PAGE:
Learn about the monarch butterfly's incredible 2,500-mile journey.
Every year, monarch butterflies embark on an incredible 2,500-mile journey. While the distance may seem long, the migration is necessary to their survival. Unlike other butterflies, monarchs are unable to survive the cold winters of Northern climates. This difficult circumstance encourages the feather-light creatures to take a flight that is inspiring to witness and fascinating for scientists to explore. But is the flight of the monarch in danger?
The Monarch Butterfly Cycle
Monarch butterflies undergo four distinct stages of development. This includes an egg, larval, pupal and adult phase. It is during these stages that the monarch caterpillar transforms into a butterfly. Caterpillars are referred to as larvae by most entomologists.
Larvae undergo several molts before shedding their last skin and spinning a silk cocoon, which they will use to mature in during the pupal stage. In this stage, the monarch caterpillar has already begun to develop cells that will soon become wings, in addition to other adult organs. This butterfly cycle takes about three to six weeks before a mature adult emerges.
The Great Monarch Migration
Where do monarch butterflies live?
How do they migrate? It takes monarch butterflies four generations to travel from Eastern North America; south to the Sierra Madre Mountain region of Mexico or from Western North America; south to the mountainous regions of California. Each generation undergoes the same butterfly cycle, transitioning from egg to adult. The first three generations of monarchs move from south to north, sometimes spreading slightly east and west in search of food. The last generation makes the long journey back south, to start the cycle again.
What do butterflies eat along the way?
Female butterflies search for milkweed plants to lay their eggs. Monarch caterpillars, or larvae, feed heartily on this before they become pupae.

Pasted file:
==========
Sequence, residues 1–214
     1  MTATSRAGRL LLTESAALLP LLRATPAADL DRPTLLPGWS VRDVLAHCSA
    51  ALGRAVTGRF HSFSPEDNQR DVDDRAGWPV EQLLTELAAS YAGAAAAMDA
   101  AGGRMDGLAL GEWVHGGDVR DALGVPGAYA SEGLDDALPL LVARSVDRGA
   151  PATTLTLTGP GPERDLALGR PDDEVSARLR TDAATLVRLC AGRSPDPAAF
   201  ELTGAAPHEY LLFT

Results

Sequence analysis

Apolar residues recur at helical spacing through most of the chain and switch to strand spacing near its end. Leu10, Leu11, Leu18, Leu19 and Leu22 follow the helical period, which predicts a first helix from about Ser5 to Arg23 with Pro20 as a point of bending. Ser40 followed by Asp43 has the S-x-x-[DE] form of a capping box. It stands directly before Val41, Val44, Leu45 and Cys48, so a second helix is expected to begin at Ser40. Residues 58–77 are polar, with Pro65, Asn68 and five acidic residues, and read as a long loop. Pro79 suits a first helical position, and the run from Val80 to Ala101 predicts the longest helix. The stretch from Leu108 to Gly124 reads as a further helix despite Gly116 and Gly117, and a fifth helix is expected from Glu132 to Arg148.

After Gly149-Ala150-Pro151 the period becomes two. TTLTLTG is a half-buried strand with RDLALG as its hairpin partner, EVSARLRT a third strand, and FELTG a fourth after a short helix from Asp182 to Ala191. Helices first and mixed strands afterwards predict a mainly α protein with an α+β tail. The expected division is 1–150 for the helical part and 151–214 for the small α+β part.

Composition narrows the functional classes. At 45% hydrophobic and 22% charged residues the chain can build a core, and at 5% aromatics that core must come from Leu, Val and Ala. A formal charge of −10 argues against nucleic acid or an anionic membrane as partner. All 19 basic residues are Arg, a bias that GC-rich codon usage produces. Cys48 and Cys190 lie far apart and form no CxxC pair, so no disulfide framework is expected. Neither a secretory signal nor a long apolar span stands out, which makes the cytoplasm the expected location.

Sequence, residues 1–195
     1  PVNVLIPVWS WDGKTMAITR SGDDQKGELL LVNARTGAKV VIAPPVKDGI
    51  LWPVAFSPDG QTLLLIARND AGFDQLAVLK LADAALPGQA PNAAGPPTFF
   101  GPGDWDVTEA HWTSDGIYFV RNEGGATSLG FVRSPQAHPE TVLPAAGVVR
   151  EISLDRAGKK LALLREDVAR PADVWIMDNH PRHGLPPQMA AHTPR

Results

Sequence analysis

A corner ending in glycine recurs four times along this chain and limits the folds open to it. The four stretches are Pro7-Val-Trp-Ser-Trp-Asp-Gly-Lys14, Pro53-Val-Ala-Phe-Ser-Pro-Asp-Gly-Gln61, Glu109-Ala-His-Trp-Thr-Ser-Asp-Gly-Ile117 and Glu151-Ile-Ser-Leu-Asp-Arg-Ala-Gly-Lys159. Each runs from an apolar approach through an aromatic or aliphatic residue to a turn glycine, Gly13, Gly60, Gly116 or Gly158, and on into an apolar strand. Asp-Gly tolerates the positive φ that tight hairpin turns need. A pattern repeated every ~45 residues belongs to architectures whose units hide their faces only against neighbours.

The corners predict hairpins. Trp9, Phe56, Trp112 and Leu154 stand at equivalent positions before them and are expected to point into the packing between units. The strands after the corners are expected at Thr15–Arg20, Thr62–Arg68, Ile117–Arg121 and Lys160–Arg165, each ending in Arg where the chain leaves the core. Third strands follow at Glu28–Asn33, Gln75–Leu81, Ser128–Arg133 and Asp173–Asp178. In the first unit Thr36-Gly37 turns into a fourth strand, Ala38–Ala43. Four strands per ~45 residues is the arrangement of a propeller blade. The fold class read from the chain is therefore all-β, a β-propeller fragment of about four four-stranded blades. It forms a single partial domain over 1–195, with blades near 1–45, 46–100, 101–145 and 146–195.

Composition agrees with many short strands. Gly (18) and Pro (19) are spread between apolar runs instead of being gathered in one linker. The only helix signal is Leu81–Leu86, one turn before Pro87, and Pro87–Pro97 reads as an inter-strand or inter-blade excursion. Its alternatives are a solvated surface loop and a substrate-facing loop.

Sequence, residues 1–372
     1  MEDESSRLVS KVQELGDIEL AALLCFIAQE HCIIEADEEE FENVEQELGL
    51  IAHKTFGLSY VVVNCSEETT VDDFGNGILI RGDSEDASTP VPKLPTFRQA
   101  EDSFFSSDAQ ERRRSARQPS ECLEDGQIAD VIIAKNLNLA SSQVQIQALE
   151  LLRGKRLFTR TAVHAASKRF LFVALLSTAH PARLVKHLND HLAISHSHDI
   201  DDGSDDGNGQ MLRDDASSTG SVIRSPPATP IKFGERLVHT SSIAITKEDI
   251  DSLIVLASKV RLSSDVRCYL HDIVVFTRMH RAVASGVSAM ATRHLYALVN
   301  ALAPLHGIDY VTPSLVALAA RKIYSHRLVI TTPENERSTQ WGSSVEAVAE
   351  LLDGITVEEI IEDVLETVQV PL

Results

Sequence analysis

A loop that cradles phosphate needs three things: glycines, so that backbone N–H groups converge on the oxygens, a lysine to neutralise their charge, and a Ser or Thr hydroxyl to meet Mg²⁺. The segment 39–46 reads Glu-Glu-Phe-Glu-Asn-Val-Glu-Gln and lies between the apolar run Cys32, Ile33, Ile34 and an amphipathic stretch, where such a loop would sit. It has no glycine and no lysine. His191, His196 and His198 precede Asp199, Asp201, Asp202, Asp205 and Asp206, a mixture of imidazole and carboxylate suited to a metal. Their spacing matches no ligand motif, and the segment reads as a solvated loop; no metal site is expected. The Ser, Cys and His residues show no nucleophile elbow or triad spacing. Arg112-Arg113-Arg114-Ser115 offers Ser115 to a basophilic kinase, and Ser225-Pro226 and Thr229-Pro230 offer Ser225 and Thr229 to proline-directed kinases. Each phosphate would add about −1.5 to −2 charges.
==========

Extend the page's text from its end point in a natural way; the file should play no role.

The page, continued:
These feeding habits and other natural barriers help to explain why monarch butterflies travel along similar routes every year. However, research is still underway as to how the monarchs are able to locate the same forested mountains. The locations are so predictable, long-term butterfly sanctuaries have been established in these areas.
Decrypting the Monarch Migration Navigation System
One explanation for this precise navigation is that monarch butterflies rely on daylight – and their own circadian rhythms – to develop a natural compass that is based on the changing positions of the sun. According to scientists, this internal compass is bidirectional, which allows the butterflies to accurately navigate both north and south. While this may sound complicated, it’s not too different from the way humans interact with the sun.
For example, there’s no coincidence that your internal clock runs on an approximate 24-hour cycle and that the sun is approximately in the same spot in the sky every 24 hours or so. The human body is ‟in tune” with the sun, so much so, that we use it to regulate when we go to sleep and when we wake up (i.e., our circadian rhythm). Even before the invention of clocks and watches, humans used sun dials – which rely on shadows cast by the sun over a marked, circular plate – to mark the passage of time. Some believe that the Vikings even used sun dials to help them navigate the seas – much like the monarch does in the skies – which would explain their long-distance travels.
In addition to using the same type of sun-based compass that humans use, monarch butterflies also utilize an internal compass that relies on magnetism. Similar to the handheld compasses hikers use, the intensity, polarity and inclination angle of Earth’s magnetic field all help the monarch butterfly reach its final destination. Additional factors that play into the sophisticated monarch migration ‟GPS” system include prevailing winds and changes in atmospheric pressure.
A Threatened Species
From 2015 to 2016, the number of monarch butterflies making the great migration increased by 225 percent. This is a good sign. Over the last two decades, migration numbers have been falling, causing some to worry that the monarch butterfly might be facing extinction.
However, scientists believe that it is not the monarch butterfly that is endangered, but rather, its migratory behavior. To gain a better understanding of this behavior in butterflies and other animals that migrate, researchers are using genome sequencing. A genetic data base of the monarch will help researchers develop a stronger model for studying their behavior.
It has already been determined that migration plays an important role in the health of the monarch. According to one study, long-distance migration lowers the prevalence of parasites, removing infected animals from wild populations and thus creating healthier populations.
The Human Impact
Some conservationists fear that a dwindling food supply and fluctuating climate also have an impact on the monarch population. The U.S. Fish & Wildlife Service has created multiple programs to help stop this population decline. You can learn more about these programs on their website.